The Surprising Superfood From Your Backyard: Dandelions
Dandelions are a Superfood? Those bright yellow weeds that pop up in the lawn? Yes, that’s what we are talking about. Get ready to have your mind blown!
Dandelions are some of the most nutritionally dense greens you can eat; far more nutritious than kale or spinach. They are full of vitamins and antioxidants and a half cup of dandelion greens has more calcium than a glass of milk! The greens are also a good source of Vitamin C, A and K. Dandelions are rich potassium giving them a strong diuretic quality as well as making them an excellent blood detoxifier. Dandelions are noted for their ability to stabilize blood sugar, making them an excellent supplement for diabetics.
My Dandelion Childhood
Picture this scene: I’m 8 years old and new to the neighborhood. I am desperate to make new friends because school starts in a few weeks. While chatting away to some of the neighborhood kids, I see my mother out of the corner of my eye with a big bowl. One of the kids asks, “Umm, why is your mom picking weeds out of the yard?” My response, “I think she has a lot of water.” *crickets*
The weed my mom was harvesting? Dandelions. Yep, that evil little weed that threatens the tranquil sea of green on a perfect lawn. I grew up very aware of its health benefits; notably its use as a diuretic (my mother always said she had “a lot of water” when she was retaining water). In many countries, especially in Asia, dandelions are eaten regularly for medicinal and for nutritional values (by the way, my mother is Korean). In the West, dandelions are gaining popularity as an edible weed.
How to Harvest Dandelions
The entire plant is edible: flower, leaves and roots. Its taste resembles that of a spicier arugula. If you plan to harvest your own greens, make sure you harvest from an area that is not treated with chemicals of any kind. Avoid areas near freeways or public parks. You can find dandelion greens and roots in Asian stores or even in some specialty supermarkets if you are not feeling up to foraging. If you do plan to harvest them on your own, it’s better to gather dandelions in the spring when they are young (before they flower) and again in the fall.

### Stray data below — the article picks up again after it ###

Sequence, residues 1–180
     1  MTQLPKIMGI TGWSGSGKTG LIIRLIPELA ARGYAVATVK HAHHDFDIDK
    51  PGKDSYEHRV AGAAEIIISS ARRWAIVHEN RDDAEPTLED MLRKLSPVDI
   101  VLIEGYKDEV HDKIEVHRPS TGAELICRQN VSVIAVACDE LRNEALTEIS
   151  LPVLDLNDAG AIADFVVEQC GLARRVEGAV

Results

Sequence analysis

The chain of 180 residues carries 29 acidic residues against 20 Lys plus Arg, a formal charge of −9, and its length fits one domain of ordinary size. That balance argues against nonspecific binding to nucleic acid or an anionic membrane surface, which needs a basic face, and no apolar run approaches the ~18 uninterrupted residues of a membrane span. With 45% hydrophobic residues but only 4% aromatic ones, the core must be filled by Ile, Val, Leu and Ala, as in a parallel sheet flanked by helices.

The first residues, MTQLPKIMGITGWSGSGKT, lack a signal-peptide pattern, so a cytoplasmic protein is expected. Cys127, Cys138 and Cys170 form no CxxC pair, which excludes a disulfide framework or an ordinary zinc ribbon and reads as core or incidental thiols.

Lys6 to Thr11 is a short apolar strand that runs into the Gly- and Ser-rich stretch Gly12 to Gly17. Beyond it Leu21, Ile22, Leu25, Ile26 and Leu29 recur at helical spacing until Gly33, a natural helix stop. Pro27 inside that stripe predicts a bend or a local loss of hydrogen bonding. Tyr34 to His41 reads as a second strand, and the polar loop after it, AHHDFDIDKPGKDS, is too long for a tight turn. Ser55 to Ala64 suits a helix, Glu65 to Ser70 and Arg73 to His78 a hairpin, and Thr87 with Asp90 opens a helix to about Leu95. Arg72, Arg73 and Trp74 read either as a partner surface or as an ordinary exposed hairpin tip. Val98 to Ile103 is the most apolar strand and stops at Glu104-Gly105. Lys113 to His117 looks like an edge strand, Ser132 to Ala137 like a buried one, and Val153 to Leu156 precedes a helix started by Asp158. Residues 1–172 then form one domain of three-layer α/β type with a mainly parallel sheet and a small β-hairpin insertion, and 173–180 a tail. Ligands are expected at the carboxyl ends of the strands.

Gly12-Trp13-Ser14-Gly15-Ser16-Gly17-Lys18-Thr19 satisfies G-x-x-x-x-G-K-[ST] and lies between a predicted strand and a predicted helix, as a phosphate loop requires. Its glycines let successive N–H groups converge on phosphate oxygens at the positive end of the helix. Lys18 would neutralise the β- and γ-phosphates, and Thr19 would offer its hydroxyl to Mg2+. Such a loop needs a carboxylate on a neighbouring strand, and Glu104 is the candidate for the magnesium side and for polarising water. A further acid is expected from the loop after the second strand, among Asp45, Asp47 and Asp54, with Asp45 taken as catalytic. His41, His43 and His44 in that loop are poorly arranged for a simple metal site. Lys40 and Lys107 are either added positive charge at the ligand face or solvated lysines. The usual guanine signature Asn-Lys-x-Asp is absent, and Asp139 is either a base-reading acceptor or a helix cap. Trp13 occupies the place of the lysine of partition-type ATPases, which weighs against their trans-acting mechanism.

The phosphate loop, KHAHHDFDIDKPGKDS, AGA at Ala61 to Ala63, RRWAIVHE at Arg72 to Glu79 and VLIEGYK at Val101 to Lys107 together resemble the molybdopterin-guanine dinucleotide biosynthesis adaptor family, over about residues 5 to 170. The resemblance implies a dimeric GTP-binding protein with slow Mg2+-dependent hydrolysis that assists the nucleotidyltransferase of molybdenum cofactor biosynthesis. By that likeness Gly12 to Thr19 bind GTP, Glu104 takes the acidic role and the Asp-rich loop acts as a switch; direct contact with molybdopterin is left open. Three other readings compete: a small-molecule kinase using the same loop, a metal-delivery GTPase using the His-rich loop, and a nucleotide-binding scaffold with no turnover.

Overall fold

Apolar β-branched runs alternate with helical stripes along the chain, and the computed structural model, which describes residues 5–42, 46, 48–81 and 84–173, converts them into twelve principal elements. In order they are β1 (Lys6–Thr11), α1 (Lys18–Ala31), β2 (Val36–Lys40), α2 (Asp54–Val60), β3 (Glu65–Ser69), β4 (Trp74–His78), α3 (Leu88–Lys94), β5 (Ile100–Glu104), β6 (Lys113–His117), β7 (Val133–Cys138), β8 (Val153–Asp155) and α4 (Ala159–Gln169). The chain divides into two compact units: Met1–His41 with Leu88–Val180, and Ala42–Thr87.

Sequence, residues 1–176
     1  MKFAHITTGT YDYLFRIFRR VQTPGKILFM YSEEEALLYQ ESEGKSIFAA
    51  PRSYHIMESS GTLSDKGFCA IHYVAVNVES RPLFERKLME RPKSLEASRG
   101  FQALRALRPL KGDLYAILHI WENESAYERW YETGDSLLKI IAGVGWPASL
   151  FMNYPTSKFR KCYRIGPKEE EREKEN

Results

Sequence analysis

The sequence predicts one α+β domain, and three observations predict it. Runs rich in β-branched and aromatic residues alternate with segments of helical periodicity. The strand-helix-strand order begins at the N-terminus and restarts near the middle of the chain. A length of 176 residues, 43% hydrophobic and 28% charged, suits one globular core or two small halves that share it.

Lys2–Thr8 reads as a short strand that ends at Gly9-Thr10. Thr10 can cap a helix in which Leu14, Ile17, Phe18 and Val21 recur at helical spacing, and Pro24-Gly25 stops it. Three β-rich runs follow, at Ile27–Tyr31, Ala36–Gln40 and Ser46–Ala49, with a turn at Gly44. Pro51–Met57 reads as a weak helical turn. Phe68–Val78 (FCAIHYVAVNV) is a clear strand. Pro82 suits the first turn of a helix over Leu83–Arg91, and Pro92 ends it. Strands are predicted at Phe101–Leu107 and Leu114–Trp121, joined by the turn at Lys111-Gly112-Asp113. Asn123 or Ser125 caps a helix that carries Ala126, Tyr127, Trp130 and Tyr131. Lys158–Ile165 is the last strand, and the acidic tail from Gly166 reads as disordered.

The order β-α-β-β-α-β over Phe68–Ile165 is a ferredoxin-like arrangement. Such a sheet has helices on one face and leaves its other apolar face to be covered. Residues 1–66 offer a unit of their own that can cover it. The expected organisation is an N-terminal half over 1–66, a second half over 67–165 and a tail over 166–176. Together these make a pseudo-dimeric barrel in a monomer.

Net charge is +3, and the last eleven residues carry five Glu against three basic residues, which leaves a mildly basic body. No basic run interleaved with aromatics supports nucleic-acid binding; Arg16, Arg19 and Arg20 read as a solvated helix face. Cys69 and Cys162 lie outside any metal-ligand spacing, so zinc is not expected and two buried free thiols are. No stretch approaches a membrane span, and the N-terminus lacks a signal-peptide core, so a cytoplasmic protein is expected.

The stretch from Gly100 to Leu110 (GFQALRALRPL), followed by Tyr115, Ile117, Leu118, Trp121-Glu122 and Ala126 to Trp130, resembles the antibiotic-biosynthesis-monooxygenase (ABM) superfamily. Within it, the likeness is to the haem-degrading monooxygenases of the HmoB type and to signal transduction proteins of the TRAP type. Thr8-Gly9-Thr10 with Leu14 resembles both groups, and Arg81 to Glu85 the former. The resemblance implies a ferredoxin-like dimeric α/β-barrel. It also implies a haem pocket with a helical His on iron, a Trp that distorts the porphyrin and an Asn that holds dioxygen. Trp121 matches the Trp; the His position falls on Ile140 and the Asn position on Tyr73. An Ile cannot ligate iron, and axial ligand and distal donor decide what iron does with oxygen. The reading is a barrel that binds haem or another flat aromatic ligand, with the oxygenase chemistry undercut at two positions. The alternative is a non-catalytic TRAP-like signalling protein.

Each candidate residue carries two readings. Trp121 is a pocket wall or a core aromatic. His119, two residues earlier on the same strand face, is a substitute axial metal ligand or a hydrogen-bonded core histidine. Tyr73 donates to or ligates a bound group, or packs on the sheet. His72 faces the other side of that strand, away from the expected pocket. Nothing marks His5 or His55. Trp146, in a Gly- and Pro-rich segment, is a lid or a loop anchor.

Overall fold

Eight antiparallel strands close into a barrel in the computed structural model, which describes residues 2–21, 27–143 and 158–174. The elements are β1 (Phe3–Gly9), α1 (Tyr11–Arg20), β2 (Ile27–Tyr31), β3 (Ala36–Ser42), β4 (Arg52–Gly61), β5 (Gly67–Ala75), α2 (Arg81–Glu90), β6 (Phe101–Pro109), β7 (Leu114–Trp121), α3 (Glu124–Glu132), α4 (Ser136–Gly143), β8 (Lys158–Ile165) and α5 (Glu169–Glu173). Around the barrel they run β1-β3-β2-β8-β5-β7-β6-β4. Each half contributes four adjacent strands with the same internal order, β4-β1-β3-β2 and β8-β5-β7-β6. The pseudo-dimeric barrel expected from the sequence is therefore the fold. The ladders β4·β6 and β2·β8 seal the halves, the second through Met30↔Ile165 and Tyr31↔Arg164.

How to Eat Dandelions
- The root can be used to make a medicinal tea for treating digestive issues, gallstones, inflammation, muscle aches, and bloating. Add the root (fresh or dried) into a cup with boiling water and steep for 2-3 minutes. Add a bit of honey to cut the bitterness.
- The roots can also be dried and ground for a coffee replacement. Once the root is roasted, it has the appearance and taste similar to coffee. You can brew it in a coffee pot or french press as well. Serve the dandelion coffee with cream and a sweetener.
- Use fresh or dried petals for as a garnish in salads and desserts. Young dandelion petals have a honey-like flavor; mature blossoms are bitter, but still are nutritious and pretty. You can dry the flowers in a dehydrator or lay them out in a single layer on a lined cookie sheet and place it outside in the mid-day sun.
- For a savory dish, try dipping the flowers in tempura batter and fry them.
- Mature dandelion leaves can be on the bitter side. Blanch the greens first, then saute them in oil with garlic. Young greens can be eaten raw in salads or in sandwiches.
Instead of worrying about eradicating the weeds from your lawn this year, think of the weeds as a free, highly nutritious food source. Go ahead and let the kids blow on the dandelion puff balls; they’re helping to spread free food for all.